Abstract

New treatments are required to enhance current therapies for lung cancer. Mesothelin is a surface protein overexpressed in non-small cell lung cancer (NSCLC) that shows promise as an immunotherapeutic target in phase I clinical trials. However, the immunosuppressive environment in NSCLC may limit efficacy of these therapies. We applied time-of-flight mass cytometry to examine the state of circulating mononuclear cells in fourteen patients undergoing treatment for unresectable lung cancer. Six patients had earlier stage NSCLC (I-IVA) and eight had highly advanced NSCLC (IVB). The advanced NSCLC patients relapsed with greater frequency than the earlier stage patients. Before treatment, patients with very advanced NSCLC had a greater proportion of CD14- myeloid cells than patients with earlier NSCLC. These patients also had fewer circulating natural killer (NK) cells bearing an Fc receptor, CD16, which is crucial to antibody-dependent cellular cytotoxicity. We designed a high affinity tri-specific killer engager (TriKE®) to enhance NK cytotoxicity against mesothelin+ targets in this environment. The TriKE consisted of CD16 and mesothelin binding elements linked together by IL-15. TriKE enhanced proliferation of lung cancer patient NK cells in vitro. Lung cancer lines are refractory to NK cell killing, but the TriKE enhanced cytotoxicity and cytokine production by patient NK cells when challenged with tumor. Importantly, TriKE triggered NK cell responses from patients at all stages of disease and treatment, suggesting TriKE can enhance current therapies. These pre-clinical studies suggest mesothelin-targeted TriKE has the potential to overcome the immunosuppressive environment of NSCLC to treat disease.

Original languageEnglish (US)
Article number1060905
JournalFrontiers in immunology
Volume14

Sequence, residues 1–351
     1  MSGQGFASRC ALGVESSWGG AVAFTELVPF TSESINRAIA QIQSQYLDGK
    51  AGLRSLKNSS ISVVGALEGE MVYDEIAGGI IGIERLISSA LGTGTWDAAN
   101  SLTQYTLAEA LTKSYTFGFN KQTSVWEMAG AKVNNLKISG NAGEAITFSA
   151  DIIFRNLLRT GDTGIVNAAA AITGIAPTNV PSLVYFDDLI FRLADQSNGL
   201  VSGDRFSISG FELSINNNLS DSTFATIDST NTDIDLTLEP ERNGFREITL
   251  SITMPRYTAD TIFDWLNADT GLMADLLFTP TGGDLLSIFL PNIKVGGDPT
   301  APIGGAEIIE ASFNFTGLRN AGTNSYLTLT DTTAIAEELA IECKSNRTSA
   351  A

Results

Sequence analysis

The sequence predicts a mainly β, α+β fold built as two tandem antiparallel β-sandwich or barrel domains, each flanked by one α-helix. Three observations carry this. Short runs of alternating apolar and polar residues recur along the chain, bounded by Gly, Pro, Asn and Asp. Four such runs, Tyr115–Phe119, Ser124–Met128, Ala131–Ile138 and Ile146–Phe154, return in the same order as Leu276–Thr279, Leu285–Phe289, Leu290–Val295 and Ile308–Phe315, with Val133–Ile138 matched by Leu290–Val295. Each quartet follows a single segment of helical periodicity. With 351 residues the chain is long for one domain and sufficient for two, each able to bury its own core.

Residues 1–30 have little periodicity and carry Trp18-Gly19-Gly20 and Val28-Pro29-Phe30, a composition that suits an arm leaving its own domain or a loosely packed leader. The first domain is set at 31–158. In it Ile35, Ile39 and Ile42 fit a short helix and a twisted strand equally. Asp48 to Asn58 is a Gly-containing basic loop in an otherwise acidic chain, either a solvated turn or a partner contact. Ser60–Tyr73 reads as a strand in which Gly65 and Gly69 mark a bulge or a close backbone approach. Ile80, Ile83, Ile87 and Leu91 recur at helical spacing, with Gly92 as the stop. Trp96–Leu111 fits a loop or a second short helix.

DOIs
StatePublished - 2023

Bibliographical note

Funding Information:
This work was supported in part by NCI P01 CA111412 and R35 CA197292; DoD CA200922; NCI P30 CA077598; Minnesota Masonic Charities, Killebrew-Thompson Memorial Fund; the Masonic Cancer Center, University of Minnesota, the Eagles 5th District Cancer Telethon and the Varsity Team Rally; and National Center for Advancing Translational Sciences of the National Institutes of Health (NIH) grant UL1TR002494. Clinical data was provided by the University of Minnesota’s Clinical and Translational Science Institute, Best Practices Integrated Informatics Core. The content is solely the responsibility of the authors and does not necessarily represent the official views of the National Institutes of Health (NIH)’s National Center for Advancing Translational Sciences.

Funding Information:
This work was supported in part by NCI P01 CA111412 and R35 CA197292; DoD CA200922; NCI P30 CA077598; Minnesota Masonic Charities, Killebrew-Thompson Memorial Fund; the Masonic Cancer Center, University of Minnesota, the Eagles 5th District Cancer Telethon and the Varsity Team Rally; and National Center for Advancing Translational Sciences of the National Institutes of Health (NIH) grant UL1TR002494. Clinical data was provided by the University of Minnesota’s Clinical and Translational Science Institute, Best Practices Integrated Informatics Core. The content is solely the responsibility of the authors and does not necessarily represent the official views of the National Institutes of Health (NIH)’s National Center for Advancing Translational Sciences. Acknowledgments

Publisher Copyright:
Copyright © 2023 Kennedy, Vallera, Ettestad, Hallstrom, Kodal, Todhunter, Bendzick, Hinderlie, Walker, Pulkrabek, Pastan, Kratzke, Fujioka, Miller and Felices.

Keywords

  • NK cell
  • NSCLC
  • TriKE
  • biologic
  • cancer
  • immunotherapy
  • lung

PubMed: MeSH publication types

  • Journal Article
  • Research Support, Non-U.S. Gov't
  • Research Support, N.I.H., Extramural

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